Written by Tania Galarza, former Managing Consultant
Research on email marketing trends note that more than half of an individual’s Inbox is comprised of alerts and notifications. What does this mean for associations? This is a reminder that we are competing with a variety of sources vying for our members’ attention. It also means that associations are challenged to make their communications stand out.
McKinley recently hosted a discussion with a small group of our clients to tackle the question, “How do you break through the growing communications clutter?” Of most concern to association execs is being top of mind for members when they are in need of a benefit, product or service that the association can deliver. Our discussion focused on the following obstacles that may prevent your communications from receiving members’ full attention:
- Competing priorities in the association – Demand from departments and volunteer leaders to promote their programs, services or initiatives through unique communications results in an internal competition for members’ attention. So many communications are being pushed out that there is a lack of understanding of the overall volume being sent to members by the association. As volume increases, communications are more likely to be ignored by recipients.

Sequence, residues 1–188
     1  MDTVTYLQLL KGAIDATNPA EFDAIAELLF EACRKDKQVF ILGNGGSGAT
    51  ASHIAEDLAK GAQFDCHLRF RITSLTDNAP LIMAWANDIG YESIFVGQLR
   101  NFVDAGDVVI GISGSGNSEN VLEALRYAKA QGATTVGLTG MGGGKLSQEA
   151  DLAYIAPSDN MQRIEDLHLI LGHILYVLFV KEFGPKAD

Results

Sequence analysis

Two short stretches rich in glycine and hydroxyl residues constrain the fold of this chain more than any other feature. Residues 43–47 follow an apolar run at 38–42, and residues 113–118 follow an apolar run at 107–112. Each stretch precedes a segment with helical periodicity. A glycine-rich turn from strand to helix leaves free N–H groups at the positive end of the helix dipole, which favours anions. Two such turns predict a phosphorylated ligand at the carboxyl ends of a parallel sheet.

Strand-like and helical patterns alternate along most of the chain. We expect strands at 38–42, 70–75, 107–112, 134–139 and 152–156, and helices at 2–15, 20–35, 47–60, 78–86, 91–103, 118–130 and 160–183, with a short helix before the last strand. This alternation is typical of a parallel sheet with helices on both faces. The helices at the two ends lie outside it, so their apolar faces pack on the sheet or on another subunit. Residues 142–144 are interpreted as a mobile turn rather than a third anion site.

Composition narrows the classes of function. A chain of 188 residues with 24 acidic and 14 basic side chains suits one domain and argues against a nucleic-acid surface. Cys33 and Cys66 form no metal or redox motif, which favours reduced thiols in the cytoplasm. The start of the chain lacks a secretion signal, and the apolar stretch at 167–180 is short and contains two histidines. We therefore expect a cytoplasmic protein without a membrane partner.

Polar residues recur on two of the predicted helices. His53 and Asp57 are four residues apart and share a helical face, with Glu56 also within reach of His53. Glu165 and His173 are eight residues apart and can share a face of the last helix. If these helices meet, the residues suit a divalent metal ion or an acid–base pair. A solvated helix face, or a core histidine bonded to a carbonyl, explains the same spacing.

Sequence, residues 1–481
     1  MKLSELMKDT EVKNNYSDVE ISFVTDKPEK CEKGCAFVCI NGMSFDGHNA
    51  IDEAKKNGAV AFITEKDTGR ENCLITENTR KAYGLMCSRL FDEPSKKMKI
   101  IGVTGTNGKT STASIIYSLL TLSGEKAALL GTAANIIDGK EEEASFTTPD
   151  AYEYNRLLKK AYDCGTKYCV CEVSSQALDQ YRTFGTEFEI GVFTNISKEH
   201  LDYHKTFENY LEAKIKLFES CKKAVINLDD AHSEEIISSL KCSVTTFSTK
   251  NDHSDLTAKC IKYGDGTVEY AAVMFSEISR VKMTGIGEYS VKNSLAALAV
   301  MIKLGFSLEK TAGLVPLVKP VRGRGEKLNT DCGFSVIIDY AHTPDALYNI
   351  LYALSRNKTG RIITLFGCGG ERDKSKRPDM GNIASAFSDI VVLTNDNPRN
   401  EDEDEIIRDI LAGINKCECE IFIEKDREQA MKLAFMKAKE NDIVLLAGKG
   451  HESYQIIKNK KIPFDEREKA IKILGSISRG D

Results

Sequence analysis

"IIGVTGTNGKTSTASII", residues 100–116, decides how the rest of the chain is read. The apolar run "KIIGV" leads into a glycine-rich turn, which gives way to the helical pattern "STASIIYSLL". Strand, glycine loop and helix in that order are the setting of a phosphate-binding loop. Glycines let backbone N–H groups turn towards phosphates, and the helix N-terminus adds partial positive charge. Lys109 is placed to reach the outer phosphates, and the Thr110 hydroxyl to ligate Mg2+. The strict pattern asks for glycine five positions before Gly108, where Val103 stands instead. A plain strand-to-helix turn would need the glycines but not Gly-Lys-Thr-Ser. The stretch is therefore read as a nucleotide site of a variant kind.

- Lack of a strategy –Without a strategy in place and an understanding of how audiences use social media channels, posts made to Facebook, Twitter and LinkedIn tend to have a marketing feel and be more of a “push” of information that doesn’t invite participation. This can turn off followers.
- Lack of goals and measurements – What does success look like? If communications goals and objectives are not clearly defined, it becomes difficult to adjust if efforts are not translating into results, such as member participation. We keep doing the same thing, but expecting a different outcome.
- Technology constraints – Without the right technology in place to support an effective member database, it is difficult to apply a strategic approach to targeted communications. The inability to capture and track profile and behavioral information specific to a member or prospect leaves you with “one-size-fits-all” communications.
Understanding and addressing the obstacles in the way of producing effective communications is a great first step to getting you closer to your members anticipating rather than disregarding your emails and posts. Stay tuned for a future post outlining a disciplined methodology for increasing communications effectiveness.